Pipeline rejection could set precedent
Rejecting TransCanada Corp.'s $5.4-billion Keystone XL pipeline because of carbon emissions in the oil sands would set a precedent for all U.S. infrastructure projects, Chief Executive Officer Russ Girling said.
It would be harder to build car plants and T-shirt factories, as well as other cross-border pipelines, if President Obama makes a decision on the proposed Keystone XL line based primarily on emissions from oil-sands development, Girling said in an interview. New factories may face reviews based on their energy sources, he said.
“This has become a precedent for infrastructure in the U.S.,” Girling said. “We're not going to build any other export access into the U.S. out of Canada until we resolve this issue.”
Oil-sands developers are counting on Keystone XL to lift heavy crude prices by connecting them to the world's largest refining market in the Gulf Coast as they double production by 2025. Environmentalists are trying to block the 830,000-barrel-a-day line because they say it would encourage oil-sands development, which releases more of the carbon dioxide that scientists say is warming the planet than extracting some conventional forms of crude.
Calgary-based TransCanada is the country's second-biggest pipeline operator.
Girling said he expects an environmental report from the State Department to be released in “weeks, not months.” The department continues to ask TransCanada questions about the project, though inquiries have slowed, Girling said. While he sees a final decision by the end of March, he said there is a chance it may be left to the next U.S. administration.
Show commenting policy
TribLive commenting policy
You are solely responsible for your comments and by using TribLive.com you agree to our Terms of Service.
We moderate comments. Our goal is to provide substantive commentary for a general readership. By screening submissions, we provide a space where readers can share intelligent and informed commentary that enhances the quality of our news and information.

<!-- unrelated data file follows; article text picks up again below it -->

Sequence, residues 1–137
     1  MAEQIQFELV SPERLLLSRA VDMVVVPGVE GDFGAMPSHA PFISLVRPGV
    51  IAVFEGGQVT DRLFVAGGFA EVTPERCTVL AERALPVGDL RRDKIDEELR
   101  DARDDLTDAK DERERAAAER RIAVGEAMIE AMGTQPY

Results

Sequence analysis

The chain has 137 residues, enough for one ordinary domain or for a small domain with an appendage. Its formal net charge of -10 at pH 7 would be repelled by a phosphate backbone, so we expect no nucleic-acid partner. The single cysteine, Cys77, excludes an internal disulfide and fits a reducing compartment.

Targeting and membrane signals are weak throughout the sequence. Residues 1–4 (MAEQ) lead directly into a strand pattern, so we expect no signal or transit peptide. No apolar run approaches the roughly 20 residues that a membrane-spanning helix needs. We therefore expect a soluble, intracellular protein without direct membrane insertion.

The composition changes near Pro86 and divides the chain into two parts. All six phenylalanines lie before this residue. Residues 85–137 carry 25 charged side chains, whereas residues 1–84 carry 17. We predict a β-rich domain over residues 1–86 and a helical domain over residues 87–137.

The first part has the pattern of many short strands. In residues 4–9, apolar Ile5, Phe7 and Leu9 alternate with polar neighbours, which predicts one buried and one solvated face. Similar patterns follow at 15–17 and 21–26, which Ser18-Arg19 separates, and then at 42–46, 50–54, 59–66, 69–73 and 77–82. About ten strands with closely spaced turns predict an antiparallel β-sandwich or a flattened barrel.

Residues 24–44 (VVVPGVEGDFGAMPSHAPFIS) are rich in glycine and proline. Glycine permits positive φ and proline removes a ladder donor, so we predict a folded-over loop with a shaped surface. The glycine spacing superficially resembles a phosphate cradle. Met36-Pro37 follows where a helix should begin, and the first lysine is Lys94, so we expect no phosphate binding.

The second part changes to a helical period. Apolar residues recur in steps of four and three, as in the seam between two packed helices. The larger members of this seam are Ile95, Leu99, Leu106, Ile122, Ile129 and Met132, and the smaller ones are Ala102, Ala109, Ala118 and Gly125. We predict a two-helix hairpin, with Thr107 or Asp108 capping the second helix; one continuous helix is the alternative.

While most comments will be posted if they are on-topic and not abusive, moderating decisions are subjective. We will make them as carefully and consistently as we can. Because of the volume of reader comments, we cannot review individual moderation decisions with readers.
We value thoughtful comments representing a range of views that make their point quickly and politely. We make an effort to protect discussions from repeated comments either by the same reader or different readers.
We follow the same standards for taste as the daily newspaper. A few things we won't tolerate: personal attacks, obscenity, vulgarity, profanity (including expletives and letters followed by dashes), commercial promotion, impersonations, incoherence, proselytizing and SHOUTING. Don't include URLs to Web sites.
We do not edit comments. They are either approved or deleted. We reserve the right to edit a comment that is quoted or excerpted in an article. In this case, we may fix spelling and punctuation.
We welcome strong opinions and criticism of our work, but we don't want comments to become bogged down with discussions of our policies and we will moderate accordingly.
We appreciate it when readers and people quoted in articles or blog posts point out errors of fact or emphasis and will investigate all assertions. But these suggestions should be sent via e-mail. To avoid distracting other readers, we won't publish comments that suggest a correction. Instead, corrections will be made in a blog post or in an article.
- Clinton: Women ‘expect’ extremism from terrorists, not GOP candidates
- New Orleans slow to heal 10 years after Hurricane Katrina
- Illinois Lottery winners get IOU instead of checks
- Thousands in New Orleans became targets of unscrupulous contractors
- Court lifts injunction against NSA call records program
- George W. Bush visits disaster zone, 10 years after Katrina
- Supreme Court has protest-free zone, judges panel rules
- Surviving panda cub is male
- Prosecutors won’t retry North Carolina police officer in black man’s death
- Northwest fire crews hope for break in weather
- Prep school graduate Labrie convicted of sex charges